His command of the perfect sentence is second to none and his light touch is just peerless. He can deliver the most barbed comment and make it sound like the most pleasant of compliments. Wodehouse's work is nothing short of true genius; if I may use that most horrible of overused expressions.
I first read this particular book 35+ years ago as a mere stripling myself, and have read and reread it over and over so may times since. I don't think that in all of those encounters I have ever read it and not found some new additional little gem between its pages that I had somehow managed to miss on previous readings.
Wodehouse is pure farce in its most distilled form, and even if you're feeling like everything's become too much and the prospect of leaping off a cliff beckons as a viable way forward, then just start reading this and you'll banish all such thoughts within the first two pages. There are some truly brilliant short stories here, without even the hint of a dud anywhere to be found; one of particular note, where unusually the narrator is Jeeves and not Wooster, is 'Bertie Changes His Mind'. It is simply wonderful in its execution and the section where Bertie has to address the school assembly of young ladies is, for me, priceless. I can't think of a funnier three pages in any book anywhere.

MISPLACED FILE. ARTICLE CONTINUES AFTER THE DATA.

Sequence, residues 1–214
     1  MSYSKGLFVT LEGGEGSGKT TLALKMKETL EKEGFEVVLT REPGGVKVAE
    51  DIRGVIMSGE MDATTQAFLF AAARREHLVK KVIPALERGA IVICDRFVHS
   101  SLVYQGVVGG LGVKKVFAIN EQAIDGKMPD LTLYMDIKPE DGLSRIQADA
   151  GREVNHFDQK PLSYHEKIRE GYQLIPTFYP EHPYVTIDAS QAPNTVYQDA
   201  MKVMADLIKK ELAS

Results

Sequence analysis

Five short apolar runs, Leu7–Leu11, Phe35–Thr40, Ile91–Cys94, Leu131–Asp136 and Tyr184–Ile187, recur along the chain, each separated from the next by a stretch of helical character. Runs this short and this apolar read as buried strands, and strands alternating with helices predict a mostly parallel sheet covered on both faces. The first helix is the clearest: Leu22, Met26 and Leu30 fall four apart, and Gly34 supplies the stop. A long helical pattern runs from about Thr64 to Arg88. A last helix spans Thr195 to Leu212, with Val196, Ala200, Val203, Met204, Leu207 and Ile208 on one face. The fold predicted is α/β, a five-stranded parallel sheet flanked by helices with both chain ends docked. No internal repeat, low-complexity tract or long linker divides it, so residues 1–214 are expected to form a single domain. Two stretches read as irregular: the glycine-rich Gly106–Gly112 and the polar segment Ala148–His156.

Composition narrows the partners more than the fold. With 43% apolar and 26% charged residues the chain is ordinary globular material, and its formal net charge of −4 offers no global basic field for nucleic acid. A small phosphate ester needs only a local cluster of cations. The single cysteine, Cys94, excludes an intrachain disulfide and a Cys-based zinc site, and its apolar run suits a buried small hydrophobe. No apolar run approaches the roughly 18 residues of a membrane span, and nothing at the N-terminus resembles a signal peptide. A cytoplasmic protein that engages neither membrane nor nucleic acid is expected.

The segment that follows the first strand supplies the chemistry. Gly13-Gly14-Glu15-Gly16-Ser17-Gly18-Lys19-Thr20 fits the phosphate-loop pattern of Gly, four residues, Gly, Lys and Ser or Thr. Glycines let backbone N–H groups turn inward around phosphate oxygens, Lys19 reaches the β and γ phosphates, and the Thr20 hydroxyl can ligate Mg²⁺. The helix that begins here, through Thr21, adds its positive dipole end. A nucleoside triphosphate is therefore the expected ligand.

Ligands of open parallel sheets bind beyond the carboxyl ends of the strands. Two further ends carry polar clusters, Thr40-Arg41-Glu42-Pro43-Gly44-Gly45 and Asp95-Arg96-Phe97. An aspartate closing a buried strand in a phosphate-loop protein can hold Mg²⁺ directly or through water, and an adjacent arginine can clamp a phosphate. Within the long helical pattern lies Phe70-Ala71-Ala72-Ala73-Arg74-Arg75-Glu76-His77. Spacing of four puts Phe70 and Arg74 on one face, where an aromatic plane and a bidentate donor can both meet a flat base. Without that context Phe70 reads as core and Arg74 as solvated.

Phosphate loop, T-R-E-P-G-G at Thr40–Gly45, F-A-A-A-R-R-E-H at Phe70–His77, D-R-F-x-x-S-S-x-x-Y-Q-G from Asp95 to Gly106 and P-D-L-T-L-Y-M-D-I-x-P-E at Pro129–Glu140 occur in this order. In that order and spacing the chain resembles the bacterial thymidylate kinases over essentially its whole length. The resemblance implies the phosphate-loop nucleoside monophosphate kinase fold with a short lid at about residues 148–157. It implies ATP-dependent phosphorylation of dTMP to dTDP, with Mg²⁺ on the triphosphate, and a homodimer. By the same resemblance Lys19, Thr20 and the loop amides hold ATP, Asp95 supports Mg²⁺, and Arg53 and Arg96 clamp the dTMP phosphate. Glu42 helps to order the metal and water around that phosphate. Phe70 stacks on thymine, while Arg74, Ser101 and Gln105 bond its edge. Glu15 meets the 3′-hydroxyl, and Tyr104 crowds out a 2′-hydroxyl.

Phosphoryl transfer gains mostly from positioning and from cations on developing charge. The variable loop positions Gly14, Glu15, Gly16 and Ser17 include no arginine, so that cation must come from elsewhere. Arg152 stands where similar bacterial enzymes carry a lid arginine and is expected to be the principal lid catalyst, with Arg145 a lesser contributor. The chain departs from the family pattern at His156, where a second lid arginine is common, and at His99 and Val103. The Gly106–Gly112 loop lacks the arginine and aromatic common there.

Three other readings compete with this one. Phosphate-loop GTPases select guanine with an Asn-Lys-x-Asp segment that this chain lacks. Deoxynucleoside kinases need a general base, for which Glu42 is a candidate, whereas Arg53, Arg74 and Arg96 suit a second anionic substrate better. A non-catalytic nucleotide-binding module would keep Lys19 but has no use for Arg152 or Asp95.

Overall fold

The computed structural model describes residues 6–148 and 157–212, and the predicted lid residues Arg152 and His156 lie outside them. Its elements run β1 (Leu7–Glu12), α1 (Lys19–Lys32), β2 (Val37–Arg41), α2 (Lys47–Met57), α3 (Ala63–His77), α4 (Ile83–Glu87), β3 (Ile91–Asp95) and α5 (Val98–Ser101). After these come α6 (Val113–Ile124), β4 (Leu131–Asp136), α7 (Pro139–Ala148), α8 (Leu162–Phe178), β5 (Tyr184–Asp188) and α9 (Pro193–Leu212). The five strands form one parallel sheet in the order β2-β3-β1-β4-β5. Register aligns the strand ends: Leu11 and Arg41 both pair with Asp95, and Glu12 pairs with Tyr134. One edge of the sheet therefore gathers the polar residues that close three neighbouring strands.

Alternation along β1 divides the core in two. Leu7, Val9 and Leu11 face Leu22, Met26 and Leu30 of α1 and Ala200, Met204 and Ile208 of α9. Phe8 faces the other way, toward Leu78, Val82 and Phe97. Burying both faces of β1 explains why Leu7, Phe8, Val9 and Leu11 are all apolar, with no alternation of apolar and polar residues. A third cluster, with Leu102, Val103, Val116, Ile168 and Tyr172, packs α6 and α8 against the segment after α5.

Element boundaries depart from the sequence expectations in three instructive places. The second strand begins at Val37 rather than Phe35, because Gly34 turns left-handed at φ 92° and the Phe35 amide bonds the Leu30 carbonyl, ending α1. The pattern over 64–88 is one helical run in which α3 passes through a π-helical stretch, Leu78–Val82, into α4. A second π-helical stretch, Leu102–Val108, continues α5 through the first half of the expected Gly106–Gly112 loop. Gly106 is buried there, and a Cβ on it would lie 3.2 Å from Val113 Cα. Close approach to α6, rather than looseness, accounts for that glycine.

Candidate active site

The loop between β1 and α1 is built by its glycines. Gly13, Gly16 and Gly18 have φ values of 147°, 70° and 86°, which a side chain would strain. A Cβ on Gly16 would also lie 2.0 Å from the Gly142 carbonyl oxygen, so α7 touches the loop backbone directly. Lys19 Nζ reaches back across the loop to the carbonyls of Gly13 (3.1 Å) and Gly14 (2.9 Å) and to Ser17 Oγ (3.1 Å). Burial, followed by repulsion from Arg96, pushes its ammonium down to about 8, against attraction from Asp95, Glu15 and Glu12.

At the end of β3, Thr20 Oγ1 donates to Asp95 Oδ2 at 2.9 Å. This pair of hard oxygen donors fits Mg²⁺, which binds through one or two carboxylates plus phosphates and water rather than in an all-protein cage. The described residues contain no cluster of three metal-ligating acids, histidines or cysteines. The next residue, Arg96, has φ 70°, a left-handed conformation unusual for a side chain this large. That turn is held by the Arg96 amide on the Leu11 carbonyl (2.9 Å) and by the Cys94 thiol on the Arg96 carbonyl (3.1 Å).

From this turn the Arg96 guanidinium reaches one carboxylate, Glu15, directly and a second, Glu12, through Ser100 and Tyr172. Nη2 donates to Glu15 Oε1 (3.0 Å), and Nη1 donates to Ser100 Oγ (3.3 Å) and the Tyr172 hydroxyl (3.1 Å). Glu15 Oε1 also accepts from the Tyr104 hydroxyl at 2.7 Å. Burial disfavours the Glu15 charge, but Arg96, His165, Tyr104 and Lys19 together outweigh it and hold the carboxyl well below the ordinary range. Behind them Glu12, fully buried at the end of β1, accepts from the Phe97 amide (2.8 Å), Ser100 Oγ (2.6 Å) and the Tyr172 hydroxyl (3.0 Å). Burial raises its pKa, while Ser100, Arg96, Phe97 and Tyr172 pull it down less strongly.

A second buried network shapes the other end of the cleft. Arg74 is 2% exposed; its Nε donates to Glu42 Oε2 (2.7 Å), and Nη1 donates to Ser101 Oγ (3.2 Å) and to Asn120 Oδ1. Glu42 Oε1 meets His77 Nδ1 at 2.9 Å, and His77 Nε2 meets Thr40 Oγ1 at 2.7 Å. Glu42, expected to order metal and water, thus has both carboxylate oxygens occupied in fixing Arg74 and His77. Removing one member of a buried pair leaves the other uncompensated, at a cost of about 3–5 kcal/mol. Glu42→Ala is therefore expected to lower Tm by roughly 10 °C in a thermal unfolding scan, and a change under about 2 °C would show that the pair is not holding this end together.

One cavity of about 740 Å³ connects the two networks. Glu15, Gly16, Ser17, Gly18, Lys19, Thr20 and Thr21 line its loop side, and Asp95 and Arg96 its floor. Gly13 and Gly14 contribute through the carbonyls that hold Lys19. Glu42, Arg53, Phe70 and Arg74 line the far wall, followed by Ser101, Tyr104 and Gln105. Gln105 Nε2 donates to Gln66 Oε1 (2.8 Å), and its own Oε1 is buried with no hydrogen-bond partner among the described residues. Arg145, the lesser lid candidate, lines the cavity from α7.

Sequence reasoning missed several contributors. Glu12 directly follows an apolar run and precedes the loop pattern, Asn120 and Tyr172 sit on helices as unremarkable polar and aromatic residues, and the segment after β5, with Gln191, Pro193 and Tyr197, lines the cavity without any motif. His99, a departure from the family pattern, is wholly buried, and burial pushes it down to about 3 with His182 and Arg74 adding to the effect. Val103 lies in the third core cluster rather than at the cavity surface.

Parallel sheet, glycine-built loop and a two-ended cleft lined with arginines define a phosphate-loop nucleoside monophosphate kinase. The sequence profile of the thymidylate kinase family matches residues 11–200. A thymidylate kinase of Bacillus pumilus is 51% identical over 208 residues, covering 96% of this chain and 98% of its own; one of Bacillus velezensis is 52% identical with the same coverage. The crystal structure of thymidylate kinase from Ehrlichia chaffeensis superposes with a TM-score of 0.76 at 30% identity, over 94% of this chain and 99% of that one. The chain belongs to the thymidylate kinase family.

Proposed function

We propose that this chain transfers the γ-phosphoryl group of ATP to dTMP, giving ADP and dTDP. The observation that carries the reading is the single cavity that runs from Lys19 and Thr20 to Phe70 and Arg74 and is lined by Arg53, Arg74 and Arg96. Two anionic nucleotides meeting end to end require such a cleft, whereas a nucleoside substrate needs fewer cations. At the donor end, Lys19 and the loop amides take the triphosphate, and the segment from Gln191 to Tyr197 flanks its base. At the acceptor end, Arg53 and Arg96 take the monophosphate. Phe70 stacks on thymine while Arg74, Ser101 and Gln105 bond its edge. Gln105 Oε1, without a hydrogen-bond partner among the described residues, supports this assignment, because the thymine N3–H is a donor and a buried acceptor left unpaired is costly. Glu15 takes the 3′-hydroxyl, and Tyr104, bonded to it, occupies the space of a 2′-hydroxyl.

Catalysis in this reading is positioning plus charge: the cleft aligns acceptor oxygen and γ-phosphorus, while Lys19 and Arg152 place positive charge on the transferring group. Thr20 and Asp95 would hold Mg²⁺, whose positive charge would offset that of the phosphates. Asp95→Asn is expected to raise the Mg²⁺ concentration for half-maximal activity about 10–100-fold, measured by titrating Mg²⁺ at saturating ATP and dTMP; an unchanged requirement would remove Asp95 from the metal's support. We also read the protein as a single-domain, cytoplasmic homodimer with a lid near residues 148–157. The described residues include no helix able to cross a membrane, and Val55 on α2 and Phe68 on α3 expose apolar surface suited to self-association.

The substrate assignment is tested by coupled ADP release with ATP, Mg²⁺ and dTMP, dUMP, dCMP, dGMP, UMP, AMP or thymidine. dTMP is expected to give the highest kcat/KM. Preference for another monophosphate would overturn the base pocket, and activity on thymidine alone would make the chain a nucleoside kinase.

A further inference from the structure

If you haven't read Wodehouse before then do yourself a favour; start here and work your way through Jeeves and Wooster. But then don't just stop after that, read the Blandings saga, Psmith, Mr Mulliner and his hilarious golf stories too. Then there are the standalone one-offs to explore. I believe there are almost 100 books one way or the other and I have never found a turkey in among them. I think I've read practically everything he's written in book form, and with a bit of luck and a following wind I certainly intend to do so again and often.
on 5 March 2016
I'm working my way around to getting every Wodehouse in the series, replacing tatty old paperbacks with hardbacks (and filling in the blanks in my collection).
The books are a fantastic read, and this edition will please every Wodehouse fan.
The "cove of rare intelligence" is, of course, the eponymous Jeeves. In the last of the stories in this collection he takes over from Bertie Wooster as narrator, permitting himself to observe that his personal motto is "Tact and Resource." If not before, the reader will have discovered just how resourceful Jeeves can be.
The stories are formulaic, often featuring some frightful dilemma that has befallen one of Bertie's friends, and frequently overshadowed by a battle axe of an aunt or an uncle about to cut off the money supply. While restraining the worst excesses of his employer's taste in suits and ties, this epitome of a gentleman's gentleman can always contrive a solution.
Coincidence plays a recurring part but what matter? The joy of Wodehouse is that in Bertie and his manservant he has created two characters who will live long in the English language. Carry On, Jeeves, after all, was first published nearly ninety years ago. Superficially, the stories may appear no more than amusing trifles but the world the author creates so apparently effortlessly is real enough within the conventions of its creator. The pleasure, the unfailing pleasure of revisiting this world again and again, is ours.
Hopefully, there are generations out there who come to these stories unsuspecting the joy that lies ahead. Old hands will return with gratitude.